Which countries hate Brazil

Brazil and Argentina

Peter Birle

To person

Dr. phil., born 1961; Political scientist, head of the research department of the Ibero-American Institute in Berlin, Potsdamer Strasse 37, 10785 Berlin. [email protected]

Argentina and Brazil failed to establish a lasting partnership until late in the 20th century. Today their competition seems to have been decided in Brazil's favor.


The bilateral relationship between Argentina and Brazil, the two largest countries in South America, has long been characterized by rivalries and conflicts. Although they have only faced each other once in a war since gaining their independence from the colonial powers Spain and Portugal, until the last third of the 20th century it was never possible to put bilateral relations on a permanent basis on a partnership basis. It was not until the late 1970s that the rivalry was gradually overcome. Both countries concluded numerous bilateral and multilateral cooperation agreements and in 1997 declared each other to be strategic partners.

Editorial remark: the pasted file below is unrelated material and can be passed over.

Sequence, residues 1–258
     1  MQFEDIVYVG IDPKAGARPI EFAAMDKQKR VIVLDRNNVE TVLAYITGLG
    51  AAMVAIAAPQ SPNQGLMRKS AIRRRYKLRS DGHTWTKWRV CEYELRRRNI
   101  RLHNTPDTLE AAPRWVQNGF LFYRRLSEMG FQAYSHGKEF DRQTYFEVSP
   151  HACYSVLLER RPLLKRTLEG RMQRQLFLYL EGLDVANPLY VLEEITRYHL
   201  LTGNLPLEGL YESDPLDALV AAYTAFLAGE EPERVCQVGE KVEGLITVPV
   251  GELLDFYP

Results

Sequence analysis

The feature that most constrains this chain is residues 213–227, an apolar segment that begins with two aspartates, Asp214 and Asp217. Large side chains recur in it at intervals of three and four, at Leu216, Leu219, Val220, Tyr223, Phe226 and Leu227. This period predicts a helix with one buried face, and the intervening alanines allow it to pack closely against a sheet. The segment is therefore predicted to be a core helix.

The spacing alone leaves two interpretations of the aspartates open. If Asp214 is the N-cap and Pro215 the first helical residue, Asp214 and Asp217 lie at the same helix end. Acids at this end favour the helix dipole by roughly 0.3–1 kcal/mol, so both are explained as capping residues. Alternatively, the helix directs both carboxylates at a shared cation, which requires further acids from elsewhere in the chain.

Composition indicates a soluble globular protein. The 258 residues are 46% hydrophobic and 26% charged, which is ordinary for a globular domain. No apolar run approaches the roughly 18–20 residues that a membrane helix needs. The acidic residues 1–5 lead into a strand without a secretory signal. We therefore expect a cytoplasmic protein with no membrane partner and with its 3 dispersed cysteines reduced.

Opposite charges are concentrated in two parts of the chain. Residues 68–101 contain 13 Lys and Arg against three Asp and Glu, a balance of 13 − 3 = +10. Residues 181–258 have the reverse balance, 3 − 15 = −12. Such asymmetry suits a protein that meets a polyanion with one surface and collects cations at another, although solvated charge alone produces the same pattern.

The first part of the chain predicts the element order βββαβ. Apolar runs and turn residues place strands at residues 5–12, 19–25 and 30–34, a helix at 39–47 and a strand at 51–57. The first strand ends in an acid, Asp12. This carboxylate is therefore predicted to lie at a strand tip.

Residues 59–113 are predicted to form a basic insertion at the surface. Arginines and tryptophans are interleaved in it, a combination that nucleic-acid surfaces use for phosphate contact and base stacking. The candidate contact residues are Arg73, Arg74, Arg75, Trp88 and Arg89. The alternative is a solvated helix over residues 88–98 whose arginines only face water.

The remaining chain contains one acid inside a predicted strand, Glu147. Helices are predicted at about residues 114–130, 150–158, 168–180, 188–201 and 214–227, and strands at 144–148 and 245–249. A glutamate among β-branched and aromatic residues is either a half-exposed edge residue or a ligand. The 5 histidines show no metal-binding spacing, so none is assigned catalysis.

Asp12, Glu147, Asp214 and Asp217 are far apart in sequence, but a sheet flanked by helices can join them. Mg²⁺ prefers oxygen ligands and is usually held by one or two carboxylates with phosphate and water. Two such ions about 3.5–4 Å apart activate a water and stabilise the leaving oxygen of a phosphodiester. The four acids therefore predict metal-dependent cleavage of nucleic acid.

In the following I will trace the development of bilateral relations in five phases. The period after independence until the end of the Brazilian Empire in 1889 was characterized by a variety of conflicts and a low density of relationships. The second phase comprised the heyday of the agricultural export models until 1930 and was characterized by rivalry for supremacy in South America. The third phase up to the end of the 1970s was characterized by a change in the development strategy in both countries, growing economic interdependence and repeated approaches to stronger bilateral cooperation, which repeatedly failed due to internal political upheavals and geopolitical rivalries. The fourth phase began with the move away from bilateral perceptions of threat in the late 1970s and ended in the late 1990s. Cooperation at all levels intensified during this time, benefiting not least from the return to democracy. The fifth phase began in the late 1990s. While Brazil is increasingly combining a successful economic growth model with a regional leadership role in South America and with active involvement on a global level, Argentina experienced one of the worst crises in its recent history in 2001 and is adopting an increasingly defensive stance towards its large neighbor Brazil. The asymmetries between the two countries are growing and threaten to pay lip service to the often invoked "strategic alliance". [1]